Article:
By Cindy Jo Ayers
It was announced last week that (Senate Bill) SB100 passed the Florida Senate and House on April 27. SB100 repeals the M-CORES toll roads program. It was reported that the M-CORES program would come with a price tag of $25 billion dollars. The project, which included 330 miles of new toll roads, was to begin by 2022 and was to be completed by 2030. The M-CORES consisted of plans to build toll roads from Collier County to Polk County and extends Florida’s turnpike to connect with the Suncoast Parkway. Then the Suncoast parkway would extend from Citrus County to Jefferson County. If the Governor signs SB100 the M-CORES plans will not happen.
Senator Gayle Harrell (R-Stuart) was the sponsor of SB100, she said last week, “The pandemic has really required that we re-evaluate things and one of the things I really believe that are both a policy and budget issue is M-CORES.”
SB100 does away with the Southwest Florida Connector between Collier and Polk Counties. But, it does not do away with everything that will affect the Tri-County area.
The Suncoast Parkway plans have been modified in the bill which calls for utilizing the existing route of U.S. 19 which will eventually connect with Interstate 10 in Madison County. The bill also calls for non-tolled alternative roads for local traffic along U.S. 19, which will become a free flowing toll road according to the Senate Bill.
SB100 calls for the $35 million planned yearly for the M-CORES project to be put back into the Turnpike Enterprise fund.
The Bill calls for the Florida Department of Transportation plans for extension of the turnpike west from Wildwood to the Suncoast Parkway to go forward.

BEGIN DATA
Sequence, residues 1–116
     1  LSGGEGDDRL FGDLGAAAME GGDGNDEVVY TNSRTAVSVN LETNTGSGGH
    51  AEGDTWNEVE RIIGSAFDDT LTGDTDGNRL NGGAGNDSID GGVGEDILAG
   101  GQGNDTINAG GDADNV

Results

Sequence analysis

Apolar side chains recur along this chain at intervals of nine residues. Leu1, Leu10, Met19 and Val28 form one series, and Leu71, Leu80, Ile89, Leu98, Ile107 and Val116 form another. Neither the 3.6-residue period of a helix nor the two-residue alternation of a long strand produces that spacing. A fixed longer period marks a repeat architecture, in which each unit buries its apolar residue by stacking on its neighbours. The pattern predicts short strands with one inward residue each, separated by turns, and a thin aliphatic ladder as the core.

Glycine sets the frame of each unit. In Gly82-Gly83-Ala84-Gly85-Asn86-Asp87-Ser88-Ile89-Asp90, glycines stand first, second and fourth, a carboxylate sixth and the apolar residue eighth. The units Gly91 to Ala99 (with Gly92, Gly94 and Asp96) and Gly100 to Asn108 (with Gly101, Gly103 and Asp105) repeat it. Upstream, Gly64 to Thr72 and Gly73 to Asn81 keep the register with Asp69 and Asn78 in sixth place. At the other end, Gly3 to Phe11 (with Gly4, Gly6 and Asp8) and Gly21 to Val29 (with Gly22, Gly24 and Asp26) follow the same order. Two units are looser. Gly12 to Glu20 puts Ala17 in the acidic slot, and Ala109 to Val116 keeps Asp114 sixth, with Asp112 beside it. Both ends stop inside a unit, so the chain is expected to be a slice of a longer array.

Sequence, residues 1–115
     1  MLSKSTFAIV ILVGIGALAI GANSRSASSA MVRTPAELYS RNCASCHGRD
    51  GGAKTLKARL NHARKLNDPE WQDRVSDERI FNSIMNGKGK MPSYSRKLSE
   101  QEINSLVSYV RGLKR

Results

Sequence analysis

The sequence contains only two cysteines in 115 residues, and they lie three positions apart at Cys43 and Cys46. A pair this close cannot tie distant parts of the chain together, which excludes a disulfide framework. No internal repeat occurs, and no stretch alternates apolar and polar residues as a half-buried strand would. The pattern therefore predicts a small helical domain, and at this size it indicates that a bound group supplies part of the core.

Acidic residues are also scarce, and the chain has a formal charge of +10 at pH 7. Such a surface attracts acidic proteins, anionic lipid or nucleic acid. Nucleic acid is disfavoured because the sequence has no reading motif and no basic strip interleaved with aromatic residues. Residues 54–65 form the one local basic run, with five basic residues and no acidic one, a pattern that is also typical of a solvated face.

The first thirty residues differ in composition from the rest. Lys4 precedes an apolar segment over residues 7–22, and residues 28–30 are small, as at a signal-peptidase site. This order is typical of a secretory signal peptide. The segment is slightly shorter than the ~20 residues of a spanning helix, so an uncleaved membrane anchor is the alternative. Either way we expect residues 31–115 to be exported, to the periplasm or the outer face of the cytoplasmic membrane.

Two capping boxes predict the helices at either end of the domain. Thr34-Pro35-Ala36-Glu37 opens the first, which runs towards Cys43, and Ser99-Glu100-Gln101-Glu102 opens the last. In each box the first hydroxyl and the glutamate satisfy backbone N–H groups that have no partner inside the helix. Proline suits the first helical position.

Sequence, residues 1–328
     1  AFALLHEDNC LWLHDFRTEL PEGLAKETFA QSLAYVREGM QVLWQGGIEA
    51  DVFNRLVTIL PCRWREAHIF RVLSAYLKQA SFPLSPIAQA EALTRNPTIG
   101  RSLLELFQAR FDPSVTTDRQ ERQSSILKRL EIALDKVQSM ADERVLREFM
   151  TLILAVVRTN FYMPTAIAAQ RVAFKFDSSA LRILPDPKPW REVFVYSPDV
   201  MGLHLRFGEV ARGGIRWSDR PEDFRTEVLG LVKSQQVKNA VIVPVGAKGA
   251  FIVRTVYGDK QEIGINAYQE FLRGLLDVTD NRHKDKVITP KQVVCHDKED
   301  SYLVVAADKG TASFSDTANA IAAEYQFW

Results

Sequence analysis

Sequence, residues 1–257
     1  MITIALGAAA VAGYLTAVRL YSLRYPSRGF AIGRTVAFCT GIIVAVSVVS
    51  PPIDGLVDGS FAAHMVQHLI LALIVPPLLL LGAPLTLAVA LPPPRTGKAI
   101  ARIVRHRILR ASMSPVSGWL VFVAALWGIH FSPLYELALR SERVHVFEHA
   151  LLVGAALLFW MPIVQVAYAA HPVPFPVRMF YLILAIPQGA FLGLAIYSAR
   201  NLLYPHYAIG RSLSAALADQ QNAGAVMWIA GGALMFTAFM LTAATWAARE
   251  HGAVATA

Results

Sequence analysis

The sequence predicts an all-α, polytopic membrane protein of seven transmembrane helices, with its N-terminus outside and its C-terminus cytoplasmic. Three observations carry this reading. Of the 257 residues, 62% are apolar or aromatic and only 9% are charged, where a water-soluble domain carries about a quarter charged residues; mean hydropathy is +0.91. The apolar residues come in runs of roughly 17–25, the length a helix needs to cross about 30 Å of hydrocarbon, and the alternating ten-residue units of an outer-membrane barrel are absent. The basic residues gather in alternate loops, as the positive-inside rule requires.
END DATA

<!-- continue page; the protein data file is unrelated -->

The SB100 is awaiting Florida Governor Ron DeSantis signature.
The majority of the bill that will affect the Tri-County Area is printed below:
SB100 section 10. Section 339.67, Florida Statutes is created to read: 339.67 U.S. 19 controlled access facilities. The department shall develop and include in the work program the construction of controlled access facilities as necessary to achieve free flow of traffic on U.S. 19, beginning at the terminus of the Suncoast Parkway 2 Phase 3, north predominantly along U.S. 19 to a logical terminus on Interstate 10 in Madison County. This Strategic Intermodal System facility shall be developed using existing roadway, or portions thereof, to ensure the free flow of traffic along the roadway by improvements such as limited access alignments to manage congestion points and retrofitting existing roadway with a series of grade separations that provide an alternative to a signalized intersection for through traffic. To the maximum extent feasible, the facilities shall be
developed not later than December 31, 2035.
Section 11. 339.68 reads: Arterial rural highway projects. The department shall identify and include in the work program projects lot increase capacity by widening existing two-lane arterial rural roads to four lanes. To be included in a work program project, the road must be classified as an arterial rural road, and truck traffic using the road must amount to at least 15 percent of all such traffic, as determined by the department. The department shall fund at least $20 million annually for such projects.
Section 12. The Legislature finds that the extension of the Florida Turnpike from its northerly terminus in Wildwood to a logical and appropriate terminus as determined by the department of Transportation is in the strategic interest of the State. The department shall commence the project development and environmental phase of the extension and shall consider project configuration, alignment, cost and schedule. The department shall prepare a report summarizing the status of the project development and environmental phase and, by December 31, 2022, submit the report to the Governor, the President of the Senate, and the Speaker of the House of Representatives.
M-CORES maybe gone for good
By Cindy Jo Ayers